The learning curve was quite steep for me. I basically had to learn a new language, and it took about a year till I felt really comfortable with what I was saying and how to communicate what the customers were telling me back to Product and Engineering. I listened to a lot of customer-facing calls, did a lot of research on data science—and I asked a lot of questions. But everyone was really supportive, and when an account executive role opened up on the Sales team for one of the accounts I was already a CSM for, it was a perfect opportunity to make the transition.
I actually ended up working both as a CSM and an AE for a while, and now that I’m in the AE role full-time, I feel like I have a really good grasp on what I’m selling, why I’m selling it, and why our customers should care about it. I’m also very cognizant of managing expectations and not overselling things because I understand what it takes to support our product. I’m definitely still learning, obviously. But it’s been a really fun new challenge, and it’s been great to have so many colleagues who have been doing this a lot longer than I have and are very willing to help, give me guidance, and happily answer my questions. I feel very lucky to have been given this opportunity to be in such a complex kind of sales role at this stage in my career.
Can you talk more about the guidance and support you’ve received?
About six months after I started, Domino started doing “career growth” reviews instead of performance reviews. We have constant channels of feedback, so there’s not really a need to review how you’re performing—you already know. Instead, we talk about our goals: What are your career aspirations? What’s interesting to you here at Domino? That’s when I planted the seed with my manager on the CSM team that I was serious about moving into a sales role.
And Domino is still small enough that you have direct lines to pretty much anyone, including the CEO, so I also knew the guy who was running the sales organization at the time. We met for coffee and had a great conversation about the realities of what my new role would look like, and he expressed interest in having me on the team.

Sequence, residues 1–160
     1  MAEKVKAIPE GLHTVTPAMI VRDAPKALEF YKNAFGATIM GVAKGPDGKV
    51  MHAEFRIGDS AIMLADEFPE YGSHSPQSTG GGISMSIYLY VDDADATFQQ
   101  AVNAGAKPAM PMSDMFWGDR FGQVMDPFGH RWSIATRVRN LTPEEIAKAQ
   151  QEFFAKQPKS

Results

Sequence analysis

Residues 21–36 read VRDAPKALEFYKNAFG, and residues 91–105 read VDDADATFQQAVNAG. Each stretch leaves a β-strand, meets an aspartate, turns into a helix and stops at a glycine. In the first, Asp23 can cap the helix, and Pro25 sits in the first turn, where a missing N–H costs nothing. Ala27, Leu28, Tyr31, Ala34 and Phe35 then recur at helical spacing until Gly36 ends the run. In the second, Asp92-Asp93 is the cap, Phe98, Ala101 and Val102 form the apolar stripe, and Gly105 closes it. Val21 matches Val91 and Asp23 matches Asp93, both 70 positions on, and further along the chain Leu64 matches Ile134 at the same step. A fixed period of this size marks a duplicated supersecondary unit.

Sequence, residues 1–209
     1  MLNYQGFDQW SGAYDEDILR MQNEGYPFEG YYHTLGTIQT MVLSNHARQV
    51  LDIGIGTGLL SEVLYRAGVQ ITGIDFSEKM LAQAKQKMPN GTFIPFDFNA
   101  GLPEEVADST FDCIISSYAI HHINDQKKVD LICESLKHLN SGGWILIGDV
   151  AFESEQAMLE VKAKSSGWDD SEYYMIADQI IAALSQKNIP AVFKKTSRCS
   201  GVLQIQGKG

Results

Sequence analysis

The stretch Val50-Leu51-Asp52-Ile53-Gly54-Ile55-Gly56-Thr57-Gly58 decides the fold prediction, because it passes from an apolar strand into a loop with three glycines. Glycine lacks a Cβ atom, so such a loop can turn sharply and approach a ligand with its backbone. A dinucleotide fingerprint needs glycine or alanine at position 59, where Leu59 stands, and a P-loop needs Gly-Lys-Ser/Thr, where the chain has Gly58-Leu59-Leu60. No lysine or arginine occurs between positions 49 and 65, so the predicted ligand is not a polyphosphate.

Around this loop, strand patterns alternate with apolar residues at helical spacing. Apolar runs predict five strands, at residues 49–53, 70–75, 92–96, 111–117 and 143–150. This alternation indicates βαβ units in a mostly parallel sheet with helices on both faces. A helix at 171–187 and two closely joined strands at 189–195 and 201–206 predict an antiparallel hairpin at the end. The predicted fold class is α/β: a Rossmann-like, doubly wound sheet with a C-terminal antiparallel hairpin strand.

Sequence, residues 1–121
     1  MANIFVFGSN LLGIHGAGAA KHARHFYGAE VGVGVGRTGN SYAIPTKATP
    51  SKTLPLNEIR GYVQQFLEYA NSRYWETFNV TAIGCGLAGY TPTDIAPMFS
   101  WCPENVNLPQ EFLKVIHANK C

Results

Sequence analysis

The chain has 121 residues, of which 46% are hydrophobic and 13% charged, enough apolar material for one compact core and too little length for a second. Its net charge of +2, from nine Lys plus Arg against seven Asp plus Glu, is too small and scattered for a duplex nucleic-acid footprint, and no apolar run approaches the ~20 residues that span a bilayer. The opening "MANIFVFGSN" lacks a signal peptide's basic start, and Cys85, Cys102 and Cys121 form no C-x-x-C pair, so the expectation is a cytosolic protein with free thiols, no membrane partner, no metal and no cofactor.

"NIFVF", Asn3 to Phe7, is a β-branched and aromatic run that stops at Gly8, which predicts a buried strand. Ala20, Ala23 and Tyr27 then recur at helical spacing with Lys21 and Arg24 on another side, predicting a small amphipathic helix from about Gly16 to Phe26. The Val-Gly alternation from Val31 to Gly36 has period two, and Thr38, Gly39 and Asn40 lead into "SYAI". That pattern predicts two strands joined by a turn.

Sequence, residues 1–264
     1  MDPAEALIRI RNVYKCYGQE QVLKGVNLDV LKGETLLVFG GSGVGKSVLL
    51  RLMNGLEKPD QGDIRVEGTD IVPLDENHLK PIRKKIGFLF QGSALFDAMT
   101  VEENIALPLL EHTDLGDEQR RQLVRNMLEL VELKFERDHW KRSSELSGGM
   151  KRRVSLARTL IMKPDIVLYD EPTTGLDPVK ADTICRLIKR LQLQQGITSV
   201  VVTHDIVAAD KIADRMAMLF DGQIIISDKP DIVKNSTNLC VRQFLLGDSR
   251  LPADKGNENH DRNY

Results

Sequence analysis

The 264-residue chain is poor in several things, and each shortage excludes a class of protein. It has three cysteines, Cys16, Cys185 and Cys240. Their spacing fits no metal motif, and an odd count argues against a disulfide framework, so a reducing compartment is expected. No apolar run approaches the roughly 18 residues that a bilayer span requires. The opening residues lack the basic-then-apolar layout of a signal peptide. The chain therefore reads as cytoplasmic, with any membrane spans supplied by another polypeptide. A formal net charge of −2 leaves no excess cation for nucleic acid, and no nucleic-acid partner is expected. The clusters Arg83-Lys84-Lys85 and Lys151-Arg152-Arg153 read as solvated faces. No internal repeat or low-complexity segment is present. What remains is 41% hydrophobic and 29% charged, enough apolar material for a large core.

Also, I was the first female enterprise AE, but now we have two more female enterprise AEs and I have a wonderful manager, Lisa Welch, who’s been in the field for more than 20 years. She’s been a phenomenal mentor; I’m learning so much from her.
What excites you about the future at domino?
Well, the work itself really excites me—the potential for success. When I was still a CSM, we all thought one of my biggest clients was going to cancel their contract; no one there was using the platform. But I hadn’t given up hope. I helped put together a plan, which included me going to London and Bratislava to visit people out there. We ended up renewing the contact and even expanding. And more recently, I closed my largest deal to date. I hit my number for the quarter with that one deal! We also just hit our number collectively as a company, and I get to be a part of that.
I’m also excited about Domino’s growth. We just hired a bunch of new people and still have positions open. And even though I’ve always felt welcome and heard here, we could definitely use more women and other underrepresented voices. In sales, where men tend to dominate the industry, I think diversity is especially crucial, because it takes different strategies and approaches to connect with different customers. I’m proud of what I’ve been able to contribute to our team.